CS40 Lab 5: Camera motion and Perspective

Due 11:59pm Wednesday, 10 October 2018

For this lab, you'll extend lab 4 By adding a perspective projection and a camera class for easier navigation.

Getting started
Since you are extending syllabus4, you may continue to use the same git repo as last week.
Code updates
Copy over the camera.h header file and add it to your git repo. As usual, only one partner needs to do the initial copy, add, commit, and push, while the other can pull the changes
[~]$ cd ~/cs40/lab04
[lab04]$ cp ~adanner/public/cs40/lab05/* ./
Edit your lab04/CMakeLists.txt file to add camera.h to your program sources. Eventually you will also want to add camera.cpp, but since this file does not exist yet, do not add it until you start implementing your camera class.
target_sources(${PROGNAME} PRIVATE
  camera.h camera.cpp
  shaders/vshader.glsl shaders/fshader.glsl
[lab04]$ git add CMakeLists.txt camera.h README5.md
[lab04]$ git commit -m "lab 5 camera class start"
[lab04]$ git push
Basic Requirements
You will need to implement the Camera class as described. You can add additional methods/member variables, but do not remove the method declarations already in the header.

Use your camera class to specify the camera location for the vertex shader. Add a new uniform mat4 camera variable to your vertex shader. You may want to change the name view to projection as view is a bit more ambiguous in this lab. Your new shader can be as simple as follows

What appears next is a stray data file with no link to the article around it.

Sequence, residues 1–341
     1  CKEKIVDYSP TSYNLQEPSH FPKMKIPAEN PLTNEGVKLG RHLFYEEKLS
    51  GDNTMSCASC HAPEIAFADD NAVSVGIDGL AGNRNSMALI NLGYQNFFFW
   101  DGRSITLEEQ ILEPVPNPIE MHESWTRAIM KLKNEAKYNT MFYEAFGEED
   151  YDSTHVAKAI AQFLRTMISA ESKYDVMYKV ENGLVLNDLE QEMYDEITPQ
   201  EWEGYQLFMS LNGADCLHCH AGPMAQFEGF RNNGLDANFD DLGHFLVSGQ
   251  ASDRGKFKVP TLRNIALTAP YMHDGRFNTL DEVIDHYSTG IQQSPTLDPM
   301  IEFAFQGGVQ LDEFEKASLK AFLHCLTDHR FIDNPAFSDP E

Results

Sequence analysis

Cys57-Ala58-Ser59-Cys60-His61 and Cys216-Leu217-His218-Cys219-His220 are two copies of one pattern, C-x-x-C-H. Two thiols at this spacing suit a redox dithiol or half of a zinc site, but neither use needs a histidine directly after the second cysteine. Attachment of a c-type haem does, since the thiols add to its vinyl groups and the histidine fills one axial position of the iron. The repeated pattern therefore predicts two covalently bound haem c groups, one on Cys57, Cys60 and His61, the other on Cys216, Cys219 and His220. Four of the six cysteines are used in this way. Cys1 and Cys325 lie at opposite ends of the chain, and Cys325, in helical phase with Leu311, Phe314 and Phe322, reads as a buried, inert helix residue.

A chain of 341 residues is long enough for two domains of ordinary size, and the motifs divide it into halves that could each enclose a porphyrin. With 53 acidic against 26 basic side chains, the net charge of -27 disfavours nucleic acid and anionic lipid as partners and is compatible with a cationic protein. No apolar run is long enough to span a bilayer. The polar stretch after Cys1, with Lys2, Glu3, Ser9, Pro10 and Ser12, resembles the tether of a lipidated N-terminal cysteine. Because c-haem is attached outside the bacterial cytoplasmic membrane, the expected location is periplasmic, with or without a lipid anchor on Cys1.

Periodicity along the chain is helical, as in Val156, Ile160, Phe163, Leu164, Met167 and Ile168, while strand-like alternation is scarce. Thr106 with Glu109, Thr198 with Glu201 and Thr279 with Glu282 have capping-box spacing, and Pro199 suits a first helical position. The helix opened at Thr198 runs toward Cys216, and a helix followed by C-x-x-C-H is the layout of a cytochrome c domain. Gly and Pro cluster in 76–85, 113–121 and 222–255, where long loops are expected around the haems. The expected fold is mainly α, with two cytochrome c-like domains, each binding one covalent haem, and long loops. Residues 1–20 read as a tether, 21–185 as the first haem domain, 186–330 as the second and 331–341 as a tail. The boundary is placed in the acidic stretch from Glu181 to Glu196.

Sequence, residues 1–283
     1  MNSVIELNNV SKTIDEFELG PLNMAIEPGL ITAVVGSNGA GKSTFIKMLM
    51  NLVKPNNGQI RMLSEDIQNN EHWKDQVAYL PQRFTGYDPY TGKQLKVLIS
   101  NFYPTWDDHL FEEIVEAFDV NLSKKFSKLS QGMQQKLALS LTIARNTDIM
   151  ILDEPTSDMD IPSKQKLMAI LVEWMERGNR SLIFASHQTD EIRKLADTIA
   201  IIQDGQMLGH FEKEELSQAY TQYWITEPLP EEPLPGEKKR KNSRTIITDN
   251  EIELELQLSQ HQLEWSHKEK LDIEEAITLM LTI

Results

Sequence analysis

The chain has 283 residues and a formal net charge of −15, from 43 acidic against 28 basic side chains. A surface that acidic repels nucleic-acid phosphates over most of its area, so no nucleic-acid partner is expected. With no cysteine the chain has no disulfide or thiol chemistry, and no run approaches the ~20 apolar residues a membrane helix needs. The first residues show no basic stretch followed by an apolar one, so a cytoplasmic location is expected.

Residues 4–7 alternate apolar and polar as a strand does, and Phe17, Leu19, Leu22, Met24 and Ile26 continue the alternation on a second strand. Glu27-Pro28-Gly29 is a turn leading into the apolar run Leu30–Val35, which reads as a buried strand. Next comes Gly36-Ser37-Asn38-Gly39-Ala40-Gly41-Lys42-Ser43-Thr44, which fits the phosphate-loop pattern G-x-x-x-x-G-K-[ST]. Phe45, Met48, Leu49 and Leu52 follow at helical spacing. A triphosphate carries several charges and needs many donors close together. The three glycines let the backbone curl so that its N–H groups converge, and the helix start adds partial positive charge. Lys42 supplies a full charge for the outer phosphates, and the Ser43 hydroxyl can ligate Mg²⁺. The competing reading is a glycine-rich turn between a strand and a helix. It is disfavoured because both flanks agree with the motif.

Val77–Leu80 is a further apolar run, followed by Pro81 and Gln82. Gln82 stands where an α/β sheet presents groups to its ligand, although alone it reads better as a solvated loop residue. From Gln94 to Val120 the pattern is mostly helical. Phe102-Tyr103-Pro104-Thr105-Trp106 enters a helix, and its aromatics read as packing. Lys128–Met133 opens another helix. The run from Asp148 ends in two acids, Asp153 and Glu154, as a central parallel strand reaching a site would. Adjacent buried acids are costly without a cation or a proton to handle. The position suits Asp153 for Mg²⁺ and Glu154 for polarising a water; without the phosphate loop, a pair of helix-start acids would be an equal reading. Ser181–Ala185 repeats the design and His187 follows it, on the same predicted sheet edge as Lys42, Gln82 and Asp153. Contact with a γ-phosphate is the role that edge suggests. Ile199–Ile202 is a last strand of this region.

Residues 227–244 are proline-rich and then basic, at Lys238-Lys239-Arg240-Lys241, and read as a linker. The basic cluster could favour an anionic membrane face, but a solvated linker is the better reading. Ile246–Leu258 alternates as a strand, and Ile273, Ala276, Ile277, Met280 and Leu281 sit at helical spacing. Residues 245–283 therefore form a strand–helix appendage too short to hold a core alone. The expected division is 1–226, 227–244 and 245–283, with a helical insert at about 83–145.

#version 410

uniform vec4 vColor;
uniform mat4 model;
uniform mat4 camera;
uniform mat4 projection;

in vec4 vPosition;
in vec2 vTexture;

out vec4 color;
out vec2 texCoord;

void main()
    gl_Position = projection*camera*model*vPosition;
    color = vColor;
    texCoord = vTexture;


To test the transition to the new shader variables, I recommend the following process.

  1. Change m_view in your MyPanelOpenGL class to be something like m_project. This can be a simple search/replace in the .h/.cpp file.
  2. Temporarily in PaintGL create a QMatrix4x4 object storing the identity matrix. Connect this matrix to the uniform variable camera in the vertex shader, prior to setting the model matrices for your planets.
  3. Test that your scene appears as before.

Implementing the Camera

The primary goals of implementing the camera class are to understand how to construct the lookAt matrix from scratch, and how to manipulate the camera to support panning and rotating from the camera's perspective. Use the inclass notes to implement lookAt and feel free to check your solution against QMatrix4x4::lookAt.

The Learn OpenGL Tutorial has some suggestions on how to implement camera panning and rotating methods, but you can feel free to design your own implementation.

Once you have you have your Camera implemented and compiled, you can begin testing it by adding a cs40::Camera object to your MyPanelOpenGL class. Think about a good default value for your lookAt given your solar system scene and set this viewpoint in initializeGL. Then connect your camera's lookAt matrix to the shader, by replacing the camera uniform value with a call to the matrix() method of your cs40::Camera object.